Staples Students Journey 6 Miles — And Far Outside Their Bubble

“Education is the seed to the tree of success,” writes “S.”

Yet, she notes, Bridgeport schools lack many of the resources of those in Westport, just a few miles away. One example: While classroom teachers here enjoy the assistance of multiple paraprofessionals, in Bridgeport there may be only one for an entire school.

And while the Staples High School cafeteria is open for breakfast, snacks and lunch — with options ranging from frozen yogurt to sushi — youngsters at Luis Muñoz Marin are served “horrific” meals, like 5 chicken fingers and an “unidentifiable fruit cup.” When Staples students brought the Marin kids pizza, the children saved the chicken and fruit in their bags, for a meal later at home.

S. was stunned to see the differences in education between the 2 nearly neighboring communities. She wants Connecticut to make a difference for the future — “one seed at a time.”

Luis Munoz Marin Elementary School

Luis Munoz Marin School

S. is close to the educational disparity issue. She’s a Staples student — and a member of Linda McClary’s Child Development class.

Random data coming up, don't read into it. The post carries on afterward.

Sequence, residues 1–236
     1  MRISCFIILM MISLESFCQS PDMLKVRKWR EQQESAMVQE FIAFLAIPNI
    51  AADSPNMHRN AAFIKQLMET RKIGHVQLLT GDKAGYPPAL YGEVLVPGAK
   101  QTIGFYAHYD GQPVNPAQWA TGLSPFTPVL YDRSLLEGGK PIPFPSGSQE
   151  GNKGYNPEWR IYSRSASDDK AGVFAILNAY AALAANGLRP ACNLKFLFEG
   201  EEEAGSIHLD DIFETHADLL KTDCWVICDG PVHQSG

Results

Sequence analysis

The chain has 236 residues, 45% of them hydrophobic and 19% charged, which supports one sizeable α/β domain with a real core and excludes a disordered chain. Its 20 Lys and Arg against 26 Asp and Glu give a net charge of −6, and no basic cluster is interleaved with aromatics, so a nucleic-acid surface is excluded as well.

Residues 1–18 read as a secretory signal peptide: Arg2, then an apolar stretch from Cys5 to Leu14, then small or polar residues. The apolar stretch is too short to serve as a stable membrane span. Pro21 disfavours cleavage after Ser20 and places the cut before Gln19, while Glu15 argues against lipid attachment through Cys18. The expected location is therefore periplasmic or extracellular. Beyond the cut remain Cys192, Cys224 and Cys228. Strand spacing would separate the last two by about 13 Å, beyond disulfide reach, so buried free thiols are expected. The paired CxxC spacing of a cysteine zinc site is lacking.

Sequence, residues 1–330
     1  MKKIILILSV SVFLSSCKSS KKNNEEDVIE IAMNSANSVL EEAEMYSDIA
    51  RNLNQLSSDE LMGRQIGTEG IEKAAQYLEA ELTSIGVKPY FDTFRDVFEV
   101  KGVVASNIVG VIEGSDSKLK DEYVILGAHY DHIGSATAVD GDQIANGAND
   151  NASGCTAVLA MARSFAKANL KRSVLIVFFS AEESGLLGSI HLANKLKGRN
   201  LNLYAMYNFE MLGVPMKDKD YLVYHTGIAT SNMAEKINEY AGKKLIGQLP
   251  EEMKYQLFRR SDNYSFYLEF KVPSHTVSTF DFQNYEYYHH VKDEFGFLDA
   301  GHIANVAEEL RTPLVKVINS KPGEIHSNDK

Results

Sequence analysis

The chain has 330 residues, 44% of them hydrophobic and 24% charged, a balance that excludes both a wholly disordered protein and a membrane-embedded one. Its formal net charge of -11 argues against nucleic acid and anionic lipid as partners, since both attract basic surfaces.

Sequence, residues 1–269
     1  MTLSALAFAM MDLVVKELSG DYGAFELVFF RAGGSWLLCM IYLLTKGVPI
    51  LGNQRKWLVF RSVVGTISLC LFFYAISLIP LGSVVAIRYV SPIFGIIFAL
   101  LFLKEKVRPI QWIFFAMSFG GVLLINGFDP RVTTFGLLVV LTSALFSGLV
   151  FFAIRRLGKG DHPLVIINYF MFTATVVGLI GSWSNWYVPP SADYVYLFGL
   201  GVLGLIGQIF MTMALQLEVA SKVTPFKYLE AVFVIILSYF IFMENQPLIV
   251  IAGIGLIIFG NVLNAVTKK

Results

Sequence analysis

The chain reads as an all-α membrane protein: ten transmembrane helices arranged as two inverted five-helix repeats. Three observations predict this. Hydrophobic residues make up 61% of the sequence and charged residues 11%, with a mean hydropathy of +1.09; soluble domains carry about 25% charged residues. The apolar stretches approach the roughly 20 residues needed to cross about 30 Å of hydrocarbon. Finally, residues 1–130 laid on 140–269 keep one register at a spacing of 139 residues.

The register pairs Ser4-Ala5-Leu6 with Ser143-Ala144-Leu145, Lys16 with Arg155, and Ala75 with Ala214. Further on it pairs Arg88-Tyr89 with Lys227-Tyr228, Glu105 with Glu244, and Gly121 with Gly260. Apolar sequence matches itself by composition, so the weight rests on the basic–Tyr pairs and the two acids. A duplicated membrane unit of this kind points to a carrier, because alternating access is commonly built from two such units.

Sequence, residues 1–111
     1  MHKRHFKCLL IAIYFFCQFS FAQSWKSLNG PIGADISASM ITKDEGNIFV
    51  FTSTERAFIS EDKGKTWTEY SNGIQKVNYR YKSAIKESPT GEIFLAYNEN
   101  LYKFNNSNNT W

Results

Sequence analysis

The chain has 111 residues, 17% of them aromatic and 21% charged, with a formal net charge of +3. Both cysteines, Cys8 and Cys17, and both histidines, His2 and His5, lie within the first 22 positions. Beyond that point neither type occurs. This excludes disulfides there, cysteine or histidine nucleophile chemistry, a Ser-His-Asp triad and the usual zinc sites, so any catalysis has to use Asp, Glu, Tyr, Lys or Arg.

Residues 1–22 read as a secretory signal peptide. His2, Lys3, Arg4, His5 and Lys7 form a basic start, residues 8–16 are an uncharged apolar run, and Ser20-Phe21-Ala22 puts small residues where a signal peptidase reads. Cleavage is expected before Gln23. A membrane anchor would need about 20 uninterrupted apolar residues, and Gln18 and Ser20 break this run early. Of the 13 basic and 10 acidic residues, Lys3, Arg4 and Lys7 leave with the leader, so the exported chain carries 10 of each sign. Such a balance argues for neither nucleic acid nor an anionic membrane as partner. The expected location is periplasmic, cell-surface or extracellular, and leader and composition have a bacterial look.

Working with Christie Barcelona — a former Staples student who now teaches 5th grade at Luis Marin — McClary organized a pen pal project. In addition to writing each other, they arranged for the Westporters to visit the Bridgeport school this past fall.

This month, the elementary schoolers will come to Staples.

Recently, McClary asked her students to write essays about their experiences. The topic was “disparity of education in Connecticut.”

For many in McClary’s class, it’s been an eye-opening semester.

“I have been able to see outside of the ‘Westport bubble,'” S. wrote. She called herself “blessed” at the opportunity to meet the Luis Marin 5th graders.

Staples High School

Staples High School

Other essays were equally fascinating. “L” said:

Over school breaks, dozens of Staples kids take a trip somewhere exotic like Ecuador or Nicaragua to help families living poorly by building schools, homes, etc.

I am not trying to take away from their experience, but it blows my mind the amount of people who go on these service trips plane rides away, versus the amount of people who go a few miles down the highway to help families.

Ten miles down the road, we can help. We can make the difference.

“L” contrasted her time at Luis Marin with her visit to Coleytown Elementary School — another part of McClary’s curriculum.

Coleytown Elementary School

Coleytown Elementary School